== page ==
had to go with the more extreme leaders like
willful autocrat like Pherozeshah Mehta. He, too, knuckled under pressure.
Unruly Incidents at Surat The Congress session was held on 26
December, 1907 at Surat, on the banks of the river Tapti. The extremists were
excited by the rumours that the moderates wanted to scuttle the four Calcutta
resolutions. The moderates were deeply heart by the ridicule and venom
poured on them in mass meetings held at Surat on the previous three days.
The delegates, thus, met in an atmosphere surcharged with excitement and
anger. To force the moderates to guarantee that the four resolutions would be
passed, the extremists decided to object to the duly elected President for the
year, Rash Behari Ghosh. Both sides came to the session prepared for a
confrontation. In no time, the 1600 delegates were shouting, coming to blows
and hurling chairs at each other. In the meantime, some unidentified person
hurled a shoe at the dais which hit Pherozeshah Mehta and Surendranath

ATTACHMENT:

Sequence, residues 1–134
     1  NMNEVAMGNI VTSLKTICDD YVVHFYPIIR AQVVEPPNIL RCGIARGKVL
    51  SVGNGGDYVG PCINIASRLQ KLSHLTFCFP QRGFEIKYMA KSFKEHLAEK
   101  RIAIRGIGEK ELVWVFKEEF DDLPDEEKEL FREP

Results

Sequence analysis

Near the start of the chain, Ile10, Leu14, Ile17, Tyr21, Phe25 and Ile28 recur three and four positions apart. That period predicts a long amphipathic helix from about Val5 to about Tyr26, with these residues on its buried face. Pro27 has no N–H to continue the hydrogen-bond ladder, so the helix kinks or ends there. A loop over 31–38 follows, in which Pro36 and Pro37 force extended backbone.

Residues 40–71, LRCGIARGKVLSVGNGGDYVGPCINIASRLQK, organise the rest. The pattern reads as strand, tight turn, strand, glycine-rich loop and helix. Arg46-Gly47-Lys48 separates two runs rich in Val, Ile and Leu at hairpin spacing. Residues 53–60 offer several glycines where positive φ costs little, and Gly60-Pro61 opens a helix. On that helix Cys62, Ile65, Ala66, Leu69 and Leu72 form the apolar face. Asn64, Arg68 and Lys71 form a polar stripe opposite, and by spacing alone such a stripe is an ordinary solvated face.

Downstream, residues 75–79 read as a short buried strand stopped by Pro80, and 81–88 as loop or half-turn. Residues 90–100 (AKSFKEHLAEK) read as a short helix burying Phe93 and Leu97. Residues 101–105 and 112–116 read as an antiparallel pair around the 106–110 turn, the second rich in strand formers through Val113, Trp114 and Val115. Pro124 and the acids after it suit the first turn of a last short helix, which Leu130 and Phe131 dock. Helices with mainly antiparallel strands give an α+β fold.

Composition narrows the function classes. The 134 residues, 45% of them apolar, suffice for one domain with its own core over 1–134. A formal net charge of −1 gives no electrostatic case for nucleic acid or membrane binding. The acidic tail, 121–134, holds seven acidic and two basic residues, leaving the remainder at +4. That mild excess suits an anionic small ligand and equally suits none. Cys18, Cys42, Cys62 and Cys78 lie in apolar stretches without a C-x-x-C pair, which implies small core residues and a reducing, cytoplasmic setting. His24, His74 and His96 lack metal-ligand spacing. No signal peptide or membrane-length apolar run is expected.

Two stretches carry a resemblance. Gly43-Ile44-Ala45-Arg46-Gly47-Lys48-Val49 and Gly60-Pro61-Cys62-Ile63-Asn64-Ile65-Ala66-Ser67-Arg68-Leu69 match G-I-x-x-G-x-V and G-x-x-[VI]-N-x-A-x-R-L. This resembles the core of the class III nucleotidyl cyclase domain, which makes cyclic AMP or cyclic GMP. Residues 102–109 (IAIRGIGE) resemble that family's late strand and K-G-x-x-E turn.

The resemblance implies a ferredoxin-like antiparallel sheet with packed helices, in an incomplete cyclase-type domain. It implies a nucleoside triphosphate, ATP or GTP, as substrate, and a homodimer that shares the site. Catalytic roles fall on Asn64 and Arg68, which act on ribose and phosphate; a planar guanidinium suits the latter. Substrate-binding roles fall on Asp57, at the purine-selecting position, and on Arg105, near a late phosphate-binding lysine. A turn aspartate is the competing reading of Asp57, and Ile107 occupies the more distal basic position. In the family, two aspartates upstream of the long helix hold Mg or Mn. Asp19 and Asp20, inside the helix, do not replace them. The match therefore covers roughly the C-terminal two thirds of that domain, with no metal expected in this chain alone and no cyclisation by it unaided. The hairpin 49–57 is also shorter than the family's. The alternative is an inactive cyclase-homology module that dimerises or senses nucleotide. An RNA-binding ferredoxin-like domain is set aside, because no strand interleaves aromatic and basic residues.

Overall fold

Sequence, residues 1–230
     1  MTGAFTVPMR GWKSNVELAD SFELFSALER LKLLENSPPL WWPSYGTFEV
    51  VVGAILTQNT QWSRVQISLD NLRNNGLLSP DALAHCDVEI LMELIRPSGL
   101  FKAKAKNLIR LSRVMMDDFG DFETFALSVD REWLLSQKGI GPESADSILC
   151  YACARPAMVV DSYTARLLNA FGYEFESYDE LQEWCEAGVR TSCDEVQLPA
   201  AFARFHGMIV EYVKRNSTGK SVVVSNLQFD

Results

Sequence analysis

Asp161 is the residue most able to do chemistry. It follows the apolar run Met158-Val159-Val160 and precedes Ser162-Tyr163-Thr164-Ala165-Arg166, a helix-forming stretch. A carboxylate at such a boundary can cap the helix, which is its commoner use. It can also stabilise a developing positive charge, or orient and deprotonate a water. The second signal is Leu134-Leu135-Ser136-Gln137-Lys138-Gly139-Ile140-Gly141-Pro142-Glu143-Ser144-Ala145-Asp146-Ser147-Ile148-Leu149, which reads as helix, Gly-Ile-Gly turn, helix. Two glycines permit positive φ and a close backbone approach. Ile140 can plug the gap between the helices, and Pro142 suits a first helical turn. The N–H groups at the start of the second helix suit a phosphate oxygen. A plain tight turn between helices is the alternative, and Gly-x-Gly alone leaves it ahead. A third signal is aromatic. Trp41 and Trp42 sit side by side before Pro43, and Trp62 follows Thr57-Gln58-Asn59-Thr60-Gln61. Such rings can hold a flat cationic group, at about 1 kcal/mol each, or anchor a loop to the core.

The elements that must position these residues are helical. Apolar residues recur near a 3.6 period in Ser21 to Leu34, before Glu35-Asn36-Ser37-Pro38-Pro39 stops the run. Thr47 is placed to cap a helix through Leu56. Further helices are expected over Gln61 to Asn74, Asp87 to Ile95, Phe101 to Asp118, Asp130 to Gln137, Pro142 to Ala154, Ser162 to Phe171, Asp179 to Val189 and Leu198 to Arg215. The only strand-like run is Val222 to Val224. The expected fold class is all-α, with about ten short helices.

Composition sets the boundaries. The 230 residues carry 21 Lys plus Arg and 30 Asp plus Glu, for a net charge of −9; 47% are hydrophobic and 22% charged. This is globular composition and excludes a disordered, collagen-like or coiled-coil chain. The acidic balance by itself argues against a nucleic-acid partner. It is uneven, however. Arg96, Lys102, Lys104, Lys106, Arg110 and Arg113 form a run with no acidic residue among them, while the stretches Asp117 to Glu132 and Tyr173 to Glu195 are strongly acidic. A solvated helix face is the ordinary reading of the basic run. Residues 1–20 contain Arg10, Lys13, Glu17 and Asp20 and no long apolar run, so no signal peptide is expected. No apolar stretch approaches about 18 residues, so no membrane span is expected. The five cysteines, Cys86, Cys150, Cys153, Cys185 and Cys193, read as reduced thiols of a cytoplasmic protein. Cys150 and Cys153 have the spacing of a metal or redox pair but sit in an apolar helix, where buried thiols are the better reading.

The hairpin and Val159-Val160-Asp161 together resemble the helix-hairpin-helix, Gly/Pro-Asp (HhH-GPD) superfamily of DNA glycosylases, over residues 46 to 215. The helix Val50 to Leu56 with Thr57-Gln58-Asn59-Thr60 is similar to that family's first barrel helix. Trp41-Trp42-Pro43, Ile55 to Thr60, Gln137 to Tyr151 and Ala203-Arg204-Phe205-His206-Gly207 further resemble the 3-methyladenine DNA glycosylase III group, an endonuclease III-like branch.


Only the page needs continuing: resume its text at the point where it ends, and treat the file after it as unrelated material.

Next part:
Banerjea. The police came and cleared the hall. The Congress session was
over and the only victorious party at the end of the day were the rulers.
Formalisation of the Split Tilak had seen the coming danger and made last
minute efforts to avoid it. But he was helpless before his followers. The
suddenness of the Surat fiasco took Tilak by surprise. He now tried to undo
the damage. He sent a virtual letter of regret to his opponents, accepted Rash
Behari Ghosh as the President of the Congress and offered his cooperation in
working for Congress unity. But Pherozeshah Mehta and his colleagues
won’t relent. They thought they were on a sure wicket. They continued
indulging in their own foolish beliefs. They gave up all radical measures
adopted at the Benares and Calcutta sessions of the Congress, spurned all
overtures for unity from the extremists and excluded them from the party.
Government Crackdown The Government immediately launched a
massive attack on the extremists. Extremist newspapers were suppressed.
Tilak, their main leader, was sent to Mandalay jail for six years. Aurobindo
Ghosh, their ideologue, was involved in a revolutionary conspiracy case and
immediately after being judged innocent, left politics and settled down in
French Pondicherry and took up religion. B.C. Pal temporarily retired from
politics and Lala Lajpat Rai left for Britain in 1908. After 1908 the national
movement as a whole, declined. But while the upsurge was gone, the aroused
nationalist sentiments did not disappear. The people waited for the next